DJ Hero 2 – In Review

An image of the DJ 2 Hero game

Guitar Hero was one of the select few games that sparked somewhat of a revolution in gaming not too many years ago. Beforehand, people were content with first-person shooters, racing games, RPGs, puzzle games, and other traditional genres but somewhere along the line someone took the rhythm out of rhythm and blues and moulded it around the console for a concept that resulted in the rise to popularity of rhythm-based music games for the Playstation, Xbox, Wii, and just about any other console you can imagine. Even back then, rhythm games were nothing new and had existed in flash form for a while (take the DJ Sheepwolf series, for example), but tiny plastic guitars and imitation drum kits flew off the shelves to facilitate the fun of strumming and hitting the correct notes at the correct time along to various tracks in Guitar Hero and Rock Band. We’re in the age of music that doesn’t even need instruments to be heard however, and as you can imagine, the rise of DJ Hero wasn’t too far behind. So now we have a sequel to the original to play around on, with more tracks and features to boot, so do these features justify a second DJ Hero, or are we simply seeing an over-milking of a musical cash cow?

The original DJ Hero’s concept prevails in this sequel of course, presenting the player with an effectively identical gameplay mechanic that involves using the specially-crafted turntable-cum-controller to spin and scratch when the corresponding colours on the screen (which are this time gracing a distinctly vinyl-based surface) pass the active zone at the bottom. Getting the notes right as well as the timing is the point of the whole game, and the number of points you receive is directly related to how accurately you can “DJ” in order to press the right colours at the right time. I’m not sure whether I prefer the fake turntable controller of DJ Hero or the touch-screen scratching seen in DJ Star for the Nintendo DS, but the former is good enough and does bring the player closer to the actual DJ experience.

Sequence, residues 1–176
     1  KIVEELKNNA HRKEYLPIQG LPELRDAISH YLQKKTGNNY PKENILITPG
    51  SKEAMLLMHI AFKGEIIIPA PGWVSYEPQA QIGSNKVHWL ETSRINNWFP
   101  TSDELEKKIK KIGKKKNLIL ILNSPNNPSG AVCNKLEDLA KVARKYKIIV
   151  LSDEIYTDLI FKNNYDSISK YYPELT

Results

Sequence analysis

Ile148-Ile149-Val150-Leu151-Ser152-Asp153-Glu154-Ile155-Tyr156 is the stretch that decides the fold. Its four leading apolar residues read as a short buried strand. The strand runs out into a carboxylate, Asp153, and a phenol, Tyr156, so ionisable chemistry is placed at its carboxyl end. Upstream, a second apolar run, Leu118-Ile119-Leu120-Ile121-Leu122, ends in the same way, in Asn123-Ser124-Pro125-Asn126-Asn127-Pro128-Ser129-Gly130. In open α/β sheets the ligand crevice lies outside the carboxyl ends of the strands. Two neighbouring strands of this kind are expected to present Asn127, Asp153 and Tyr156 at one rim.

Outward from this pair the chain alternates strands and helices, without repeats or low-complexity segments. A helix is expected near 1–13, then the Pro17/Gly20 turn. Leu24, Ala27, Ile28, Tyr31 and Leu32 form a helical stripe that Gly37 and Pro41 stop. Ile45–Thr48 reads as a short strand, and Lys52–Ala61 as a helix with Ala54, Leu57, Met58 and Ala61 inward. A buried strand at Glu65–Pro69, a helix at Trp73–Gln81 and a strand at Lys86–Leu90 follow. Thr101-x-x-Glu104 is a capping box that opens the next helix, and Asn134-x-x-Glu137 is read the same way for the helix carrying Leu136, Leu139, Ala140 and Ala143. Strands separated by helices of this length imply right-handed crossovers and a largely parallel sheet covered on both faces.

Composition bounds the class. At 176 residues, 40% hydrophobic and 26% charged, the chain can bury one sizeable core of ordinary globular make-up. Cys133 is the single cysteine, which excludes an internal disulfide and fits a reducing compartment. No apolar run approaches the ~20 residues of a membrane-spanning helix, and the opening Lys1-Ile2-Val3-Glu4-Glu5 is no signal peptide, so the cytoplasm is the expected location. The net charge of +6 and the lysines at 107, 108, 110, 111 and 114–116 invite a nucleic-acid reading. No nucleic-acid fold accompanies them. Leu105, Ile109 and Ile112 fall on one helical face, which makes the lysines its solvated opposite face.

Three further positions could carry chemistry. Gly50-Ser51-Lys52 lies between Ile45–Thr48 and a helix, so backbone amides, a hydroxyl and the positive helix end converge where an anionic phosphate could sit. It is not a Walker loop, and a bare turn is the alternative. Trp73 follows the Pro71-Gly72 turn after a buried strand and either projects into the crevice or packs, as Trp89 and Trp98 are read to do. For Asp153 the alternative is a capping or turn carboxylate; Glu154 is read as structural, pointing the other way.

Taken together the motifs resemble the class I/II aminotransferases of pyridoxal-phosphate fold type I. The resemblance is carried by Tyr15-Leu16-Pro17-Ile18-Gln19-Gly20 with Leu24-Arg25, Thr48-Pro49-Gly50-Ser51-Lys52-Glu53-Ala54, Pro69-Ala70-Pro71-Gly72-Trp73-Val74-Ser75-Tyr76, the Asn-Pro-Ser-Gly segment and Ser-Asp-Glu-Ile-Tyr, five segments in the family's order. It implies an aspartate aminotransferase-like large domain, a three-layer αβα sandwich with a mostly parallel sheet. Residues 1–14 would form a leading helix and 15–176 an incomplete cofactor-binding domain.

Another image of the DJ 2 Hero game

The original DJ Hero Here forewent the usual musical game bull of story modes and world tours and such in order to concentrate on bringing the player nothing but music, but DJ Hero 2 has “Empire Mode”, which is obviously a career mode going by a pseudonym. This career mode sees you start as an amateur DJ and allows you to rise up to fame through DJing in various locations and being recognised by those who recognise DJing talent.

Player-guided scratching, sampling, and cross-fading is somewhat of a new feature unique to the sequel, allowing you to take the reins a little in certain predetermined parts of the song, your performance in which is added to your total score at the song’s conclusion. The free-styling can change up the song a little, though you don’t really hear that much of a difference, even if the inflated points at the end indicate differently.

Fancy a classic DJ battle that requires barely any actual DJing skill whatsoever? Then the multiplayer/battling system is quite the entertaining bit of pastimery. The ability to add vocals has been added in place of the feature of hooking up Guitar Hero or Rock Band, and it can be priceless to shoulder out our competitor by performing better than him and watching him get essentially locked out for whole sections of songs because you’re doing better than him.

A bright image of a game character playing music on some decks

One of the main downsides to the game is the broadening of the song selection and not just in terms of the sheer number of songs available. I’m referring to the genres included, which used to represent some old-school techno-style tracks as well as some classic house and dance music but we’ve got Pitbull and Lady Gaga joining the playlist this time around and while these are popular, they certainly aren’t my cup of tea (got any Jungle in, Guy?).

So with DJ Hero 2 we have improvements in areas where it counts but a broadening of the including genres resulting in a little watering down. While these games are no substitute for actual musical creation software such as this Step Seq.  music game, the can provide some superficial DJ-like fun at a fraction of the cost and effort of actually becoming a DJ.